Commission approves ‘upsizing’ of Kirrawee brick pit plan


A NEW public park in the Kirrawee brick pit development will be built at the start of the $350 million project under conditions attached to the approval.

Payce, the company developing the property, had proposed completing the park at the end of the project.

Sutherland Shire Council, which successfully fought for the change, hopes to achieve some other community gains in further dealings with Payce.

The Planning Assessment Commission this week approved the developer’s concept plan modifications, which will increase the number of apartments from 432 to 749. 

A shopping centre and commercial offices will complete the project. Other conditions included that the design be revised to redistribute building heights and a voluntary planning agreement be entered into with the council to secure community benefits.

Sutherland Shire mayor Kent Johns said, while the council remained opposed to the project, it would work closely with the developer to get the best outcome for the community.

‘‘We hope to gain some other community spaces within the complex,’’ he said.

Councillor Johns said Oak Road and its intersection with Princes Highway, which was ‘‘already possibly the worst in the shire’’, would need major upgrading and he hoped the state government would help.

Payce general manager Dominic Sullivan said approval was ‘‘a major step forward in the revitalisation of Kirrawee brick pit into a great residential, retail and parkland precinct’’.

Mr Sullivan said it would deliver a superior development for buyers, shoppers and the community compared with the original approval.

The next step was for the company to prepare and lodge a development application with the council. 

Work is expected to start in the final quarter of this year, subject to approval. Construction is expected to take about 2 years. 

Mr Sullivan said marketing and sales would commence once all approvals were received.


Mayor Kent Johns blasted the previous Labor government and Miranda MP Barry Collier for ‘‘the shire’s biggest development’’.

He said Labor sold the former Sydney Water site, rezoned it and established the Part 3A planning process, which sidelined the council.

‘‘As such Barry Collier, the Labor government’s representative in this area, has to take sole responsibility for the biggest development the area has ever seen,’’ he said.

Mr Collier said he helped develop the earlier Kirrawee Master Plan, which was prepared by the state government and the council with community consultation.

He had made it clear to former planning minister Frank Sartor he supported the earlier plan.

Mr Collier did not defend the Part 3A process, which was abolished when the Coalition government won office.

What other changes with public benefit could be sought by the council?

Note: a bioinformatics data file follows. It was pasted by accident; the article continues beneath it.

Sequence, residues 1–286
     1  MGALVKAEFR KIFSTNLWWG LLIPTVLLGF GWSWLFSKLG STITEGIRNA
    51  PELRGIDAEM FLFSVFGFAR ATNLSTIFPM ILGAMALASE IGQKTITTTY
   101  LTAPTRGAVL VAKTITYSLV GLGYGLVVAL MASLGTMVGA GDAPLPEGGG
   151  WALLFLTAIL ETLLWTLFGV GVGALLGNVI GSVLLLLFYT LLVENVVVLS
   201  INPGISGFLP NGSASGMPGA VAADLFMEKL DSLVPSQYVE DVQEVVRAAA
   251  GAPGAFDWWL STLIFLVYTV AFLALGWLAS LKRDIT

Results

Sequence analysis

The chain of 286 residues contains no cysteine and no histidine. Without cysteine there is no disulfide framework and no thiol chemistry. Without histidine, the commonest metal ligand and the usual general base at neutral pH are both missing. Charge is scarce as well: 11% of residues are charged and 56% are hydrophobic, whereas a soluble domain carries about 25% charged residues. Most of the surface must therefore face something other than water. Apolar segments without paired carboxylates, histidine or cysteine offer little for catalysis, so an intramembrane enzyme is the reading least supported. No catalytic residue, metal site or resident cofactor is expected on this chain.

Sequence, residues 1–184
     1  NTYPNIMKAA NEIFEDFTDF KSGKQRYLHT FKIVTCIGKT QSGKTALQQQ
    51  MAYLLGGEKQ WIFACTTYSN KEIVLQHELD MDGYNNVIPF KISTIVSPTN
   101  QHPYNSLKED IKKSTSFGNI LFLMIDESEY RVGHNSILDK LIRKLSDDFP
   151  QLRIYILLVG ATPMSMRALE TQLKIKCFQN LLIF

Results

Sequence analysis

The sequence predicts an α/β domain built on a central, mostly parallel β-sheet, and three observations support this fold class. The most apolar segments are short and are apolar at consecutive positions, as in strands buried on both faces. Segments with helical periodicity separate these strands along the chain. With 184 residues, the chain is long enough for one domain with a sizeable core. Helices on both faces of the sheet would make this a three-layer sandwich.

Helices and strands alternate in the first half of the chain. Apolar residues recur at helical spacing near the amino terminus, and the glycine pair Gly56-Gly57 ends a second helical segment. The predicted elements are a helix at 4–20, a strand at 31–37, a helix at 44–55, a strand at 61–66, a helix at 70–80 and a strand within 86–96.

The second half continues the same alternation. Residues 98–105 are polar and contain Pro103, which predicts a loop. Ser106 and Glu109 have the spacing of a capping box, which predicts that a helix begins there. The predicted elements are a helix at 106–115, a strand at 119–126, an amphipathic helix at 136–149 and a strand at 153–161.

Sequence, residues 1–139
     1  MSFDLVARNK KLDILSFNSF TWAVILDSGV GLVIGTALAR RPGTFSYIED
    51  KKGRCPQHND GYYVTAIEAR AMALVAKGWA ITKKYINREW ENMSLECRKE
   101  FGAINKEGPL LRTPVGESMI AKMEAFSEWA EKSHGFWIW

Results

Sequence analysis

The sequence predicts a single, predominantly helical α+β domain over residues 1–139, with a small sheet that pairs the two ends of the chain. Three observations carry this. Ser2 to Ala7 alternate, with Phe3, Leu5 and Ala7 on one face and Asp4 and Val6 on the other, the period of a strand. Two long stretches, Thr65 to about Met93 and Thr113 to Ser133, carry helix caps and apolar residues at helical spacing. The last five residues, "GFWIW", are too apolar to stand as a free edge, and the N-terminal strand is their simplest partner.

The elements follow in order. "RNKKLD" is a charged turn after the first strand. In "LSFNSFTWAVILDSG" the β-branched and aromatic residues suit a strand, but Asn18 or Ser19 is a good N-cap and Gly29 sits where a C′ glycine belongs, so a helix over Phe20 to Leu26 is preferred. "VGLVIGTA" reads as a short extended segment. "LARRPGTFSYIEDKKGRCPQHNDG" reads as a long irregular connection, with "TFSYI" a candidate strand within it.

The Planning Assessment Commission has approved an ‘‘upsizing’’ of the Kirrawee brick pit development subject to seven conditions.

In its determination released today, the commission said it was satisfied ‘‘issues’’ identified during consideration of the proposed modifications to the concept plan had been ‘‘adequately addressed’’.

The $350 million Payce development will include 749 apartments, shopping centre and commercial offices.

This compares with 432 homes proposed in the original  concept plan, approved by the commission in 2012.

The Department of Planning and Environment recommended the changes be approved subject to conditions.

Sutherland Shire Council opposed the modifications as it did the original concept plan.

Conditions imposed by the commission included:

1) Revised urban design, including increased density and redistribution of building heights.

2) The need to secure community benefits by way of a voluntary planning agreement.

3) Timing of delivery of the public park.

4) The provision of detailed landscape designs for the park and public domain.

5) Inclusion of water sensitive urban design requirements for the public domain.

6) Maximisation of passive surveillance opportunities.


■ 749 apartments, spread over seven buildings of between six and 14 storeys, all within the previously approved 50 metres height.

■ The apartments will be a mix of one, two and three bedrooms.

■ The design ‘‘moves away from the large retail box design to incorporate a more open high street character with new streets and additional pedestrian walkways and thoroughfares’’.

■ There is an extra 4000 square metre in public domain, bringing the total open space and public domain area to 53 per cent of the site.

■ In addition to 4200 square metres of public plaza, there will be a 9000 square metres park, with pond and children’s playground, accessible to the wider community.

Take a spin around the Brick Pit site with Google Streetview:

Do you agree with the commission’s decision?